LONDON and CAIRO -- Israel's military said both its air and ground forces are firing into the neighboring Gaza Strip as the latest round of fighting with Hamas, the Palestinian militant group ruling the blockaded territory, continued for a fourth straight night.
Lt. Col. Jonathan Conricus, a spokesperson for the Israel Defense Forces, told ABC News early Friday that tanks and artillery are now striking targets in the Gaza Strip from the Israeli side of the border, in addition to fighter jets overhead. However, there were currently no Israeli boots on the ground in the Palestinian territory, as was erroneously announced by the Israel Defense Forces late Thursday. Conricus said the error was due to a miscommunication between forces and his media team.
The Israel Defense Forces has ordered all Israelis living at the border with the Gaza Strip to go into their safe rooms and remain there until further notice.
"The last word was not said and this operation will continue as long as necessary," Israeli Prime Minister Benjamin Netanyahu said in a statement early Friday.
So far, 103 people, including 27 children and eight women, have been killed in the Gaza Strip since tensions escalated Monday. At least 580 others have been injured, according to the Palestinian Ministry of Health.
The ministry also said that some of the dead who arrived at Dar Al-Shifa Hospital in Gaza City were suspected to have been killed by nerve gas. The ministry did not specify who the victims were, but sources told ABC News they were Hamas fighters who were in a military tunnel.
Meanwhile, a total of seven people, including a soldier and a 6-year-old child, have been killed in Israel. More than 150 others have been wounded, according to the Israel Defense Forces. An eighth Israeli, an 87-year-old woman, also died after falling while on her way to a bomb shelter, according to the Israeli emergency service.
Hamas, which gained a majority in the 2006 Palestinian legislative elections and took control of the Gaza Strip in 2007 after battling rival Palestinian forces, began firing a barrage of rockets toward Israeli territory on Monday evening. In response, the Israel Defense Forces unleashed hundreds of airstrikes aimed at what it said were Hamas and other terror targets in the Gaza Strip, a 140-square-mile territory where 2 million Palestinians have lived under a blockade imposed by neighboring Israel and Egypt since Hamas seized power.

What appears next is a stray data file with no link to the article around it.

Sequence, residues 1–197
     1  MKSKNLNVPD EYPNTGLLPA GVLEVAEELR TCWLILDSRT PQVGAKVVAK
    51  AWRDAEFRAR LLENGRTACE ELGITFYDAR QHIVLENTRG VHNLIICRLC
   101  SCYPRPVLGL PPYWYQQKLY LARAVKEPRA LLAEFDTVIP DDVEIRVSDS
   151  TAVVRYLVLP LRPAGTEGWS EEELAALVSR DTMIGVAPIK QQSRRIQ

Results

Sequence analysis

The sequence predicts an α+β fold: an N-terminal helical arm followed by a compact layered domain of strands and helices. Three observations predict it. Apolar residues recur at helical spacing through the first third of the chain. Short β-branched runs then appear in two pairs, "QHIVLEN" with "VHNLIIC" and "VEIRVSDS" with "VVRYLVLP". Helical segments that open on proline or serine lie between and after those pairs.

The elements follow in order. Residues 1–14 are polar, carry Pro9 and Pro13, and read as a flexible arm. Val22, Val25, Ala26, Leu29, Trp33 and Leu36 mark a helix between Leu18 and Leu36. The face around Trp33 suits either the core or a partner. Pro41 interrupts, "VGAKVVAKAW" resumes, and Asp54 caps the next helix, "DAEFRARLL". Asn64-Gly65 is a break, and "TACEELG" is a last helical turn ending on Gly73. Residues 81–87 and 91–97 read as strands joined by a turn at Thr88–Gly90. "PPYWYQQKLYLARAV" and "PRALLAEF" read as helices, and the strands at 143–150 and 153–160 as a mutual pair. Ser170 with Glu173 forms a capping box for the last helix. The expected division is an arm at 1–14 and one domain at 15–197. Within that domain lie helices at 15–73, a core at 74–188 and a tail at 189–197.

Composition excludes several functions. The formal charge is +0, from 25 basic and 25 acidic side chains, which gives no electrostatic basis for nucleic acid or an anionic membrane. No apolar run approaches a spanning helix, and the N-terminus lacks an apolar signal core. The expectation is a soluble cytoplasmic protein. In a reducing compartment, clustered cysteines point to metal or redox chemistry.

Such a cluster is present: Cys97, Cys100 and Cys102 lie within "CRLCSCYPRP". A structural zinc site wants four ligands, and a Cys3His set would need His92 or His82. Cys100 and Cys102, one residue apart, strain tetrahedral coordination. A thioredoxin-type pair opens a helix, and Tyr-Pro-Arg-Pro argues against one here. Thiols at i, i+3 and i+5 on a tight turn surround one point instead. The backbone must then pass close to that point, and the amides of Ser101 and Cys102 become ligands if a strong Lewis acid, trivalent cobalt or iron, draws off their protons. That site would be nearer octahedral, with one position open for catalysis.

The Israel Defense Forces said more than 1,500 rockets have been fired from the Gaza Strip into southern and central Israel since Monday, of which at least 350 failed and fell on the Palestinian territory. Israel's sophisticated air defense system, known as the Iron Dome, has also intercepted hundreds of rockets, according to the Israel Defense Forces.
So far, Israeli airstrikes have hit over 600 terror targets in the Gaza Strip, according to the Israel Defense Forces, including three high-rise buildings that Israeli officials said were used by Hamas. The Israel Defense Forces said it warned civilians in the buildings to evacuate before striking the targets.
The Israeli airstrikes have killed at least 25 combatants in the Gaza Strip, most of which are affiliated with Hamas but also with Islamic Jihad, a smaller Palestinian militant group. Several senior commanders in Hamas' "general staff" were also "eliminated," according to the Israel Defense Forces.
Islamic Jihad confirmed seven of its militants had died, while Hamas said 13 of its militants had been killed, including a senior commander.
Abu Obeida, a spokesperson for Hamas' military wing, said in a video statement that the decision to attack Israeli cities was "easier for us than drinking water." Meanwhile, Netanyahu has vowed to continue retaliatory attacks.
It's the worst outbreak of violence between Israeli forces and Hamas since a 50-day war in the summer of 2014.
As both sides continue to trade airstrikes and rockets with no signs of backing down, violence between Arabs and Jews has broken out on the streets of Israel. Authorities responded to "wide-scale riots" in various Israeli cities on Wednesday night, according to Israel Police spokesperson Micky Rosenfield. A dozen officers were injured while responding to the incidents and hundreds of people were arrested, Rosenfield said.
Authorities imposed a curfew in Lod, where buildings and cars were set ablaze on Wednesday night. A young Arab resident was shot and killed there on Monday night amid clashes between Arab and Jewish mobs, according to Rosenfield.
There were also several different instances of Arabs attacking Jews, Rosenfeld said. In Acre, rioters torched a famous Jewish-owned seafood restaurant.
An attack on an Arab man near Tel Aviv was televised live by Israel's public broadcaster late Wednesday. The shocking footage shows a mob dragging the man out of his car and beating him until he lay motionless.
Israel’s prime minister condemned the rioting and violent clashes as "unacceptable."